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In Cleveland, we’ve got world-class experiences without the world-class ego. And for that, you’re welcome.
World-class experiences without the world-class ego.
Here in Cleveland, we’ve got beef cheek in our pierogi, truffles on our hot dogs and beer in our donuts. Balance.
Whether you’re into the thread count of your linens or just a place to crash for the night, we’ve got a hotel room with your name all over it.
You know those places only the locals know? Let our experts help you find them with free maps, itineraries and insider tips.
History hasn't always been easy on us. But pressure can create diamonds. Come check out our gems.
“Cleveland’s Own” still means something around here. Whether it’s another knockout for UFC Heavyweight Champ Stipe Miocic or the Russo brothers blowing minds with the latest “Avengers” flick, we’re pretty proud of local boys made good. And that goes double for a hometown delicacy like the Polish Boy.
This mouth-watering mashup of juicy kielbasa, mounds of coleslaw and fries, slathered with barbecue sauce — all in a bun! — remains a true Cleveland original. Okay, it might sound like a crazy combo at first, but just one bite will make you a believer. Check out our roundup of some of the best spots in The Land to polish off a Polish Boy.
* Before visiting, please be sure to check each restaurant's website for the most up-to-date information on operating hours and procedures.
It’s all local, all the time, when Banter’s Polish Boys hit the grill. Gourmet Ohio kielbasa provides the ideal foundation for their house-made BBQ sauce and vinegar-based slaw. Pop in — and fill up — at their Van Aken District location.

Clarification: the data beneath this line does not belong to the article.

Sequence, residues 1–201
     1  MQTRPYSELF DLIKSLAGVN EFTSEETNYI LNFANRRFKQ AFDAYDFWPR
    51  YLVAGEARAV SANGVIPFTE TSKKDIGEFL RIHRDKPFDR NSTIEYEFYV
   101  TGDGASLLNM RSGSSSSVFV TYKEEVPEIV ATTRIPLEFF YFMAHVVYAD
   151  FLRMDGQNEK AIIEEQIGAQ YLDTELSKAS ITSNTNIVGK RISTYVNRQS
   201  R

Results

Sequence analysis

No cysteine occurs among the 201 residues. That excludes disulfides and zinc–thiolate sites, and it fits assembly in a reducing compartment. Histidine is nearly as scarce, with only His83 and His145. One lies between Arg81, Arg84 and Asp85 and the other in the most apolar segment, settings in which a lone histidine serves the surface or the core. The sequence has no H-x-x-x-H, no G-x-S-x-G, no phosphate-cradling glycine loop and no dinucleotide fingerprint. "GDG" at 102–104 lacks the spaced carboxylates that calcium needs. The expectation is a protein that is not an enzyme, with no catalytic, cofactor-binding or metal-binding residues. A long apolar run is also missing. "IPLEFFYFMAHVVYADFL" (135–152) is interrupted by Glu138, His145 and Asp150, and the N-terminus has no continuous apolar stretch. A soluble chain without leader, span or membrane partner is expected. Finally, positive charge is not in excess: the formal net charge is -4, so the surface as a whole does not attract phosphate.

Who knew that an authentic cajun kitchen could whip up a mean Polish Boy? Their smoked beef sausage creation, which they make in the South Euclid location, measures right up there with the best in Cleveland. If your stomach is really growling, get extra fries (and some buffalo wings on the side) with “Fun In A Box.” We won’t judge.
First things first, the traditional Polish Boy can’t be beat. But why not step up to the big leagues with B&M’s “Polish Man?” With an extra helping of beef brisket piled on top, our little Polish Boy is all grown up. [Six locations — North Randall, Lee Road, Bellaire, Lyndhurst, Oakwood, Akron]
Found yourself in the Historic Warehouse District Downtown and jonesing for a Polish Boy? Order up a Drew Carey — one Cleveland icon named for another — and dig into this kosher dog with all the usual toppings. Don’t be a hero, use a knife and fork. Your dry-cleaning bill will thank you.
The granddaddy of Cleveland barbecue still reigns supreme in the Polish Boy game. For more than fifty years, Hot Sauce Williams has won admirers for perfectly prepared meat and that world-famous hot sauce. Add in the slaw and fries and *chef’s kiss*. While their legendary Carnegie Avenue location is no longer an option, the HSW legacy lives on at their Lee Road shop.
All hail, for the Queen of Wings is also Polish Boy royalty. As one might expect from a wings expert, the sauce — Kim’s Original Backyard Barbecue Sauce — steals the show. Pro tip: You can even pick up a bottle for the road. [Cleveland and Euclid locations]
The eye-popping neon sign inside the East Fourth Street restaurant says it all: Eat More Meat. When it comes to Mabel’s spin on the Polish Boy, celeb chef Michael Symon took his own advice. With his “Polish Girl”, Symon ups the carnivore quotient — swapping fries out for chopped pork.
Maybe you’ve seen these Polish Boys featured on the Food Network as one of Michael Symon’s “Best Things I Ever Ate,” or in the pages of “Rachael Ray Magazine.” These gastronomic gurus told the world what we already know: this food truck’s Best Polish Boys more than live up to their name.
Steve’s Lunch, the beloved downtown hangout, closed after a 2015 fire, but its sister location is still going strong out in Brooklyn. Open 24/7, this Biddulph Plaza throwback combines retro-chic with a fresh take on the Polish Boy. Here, the sandwich comes topped with onions and kraut.
Step back into Cleveland food history at either their Harvard Avenue or Mt. Pleasant locations. In the 1940s, Virgil Whitmore — reputed Polish Boy pioneer — dazzled his clientele with this novel mix of kielbasa, slaw and fries. The Whitmore fam still dishes out Polish Boys just like the old days.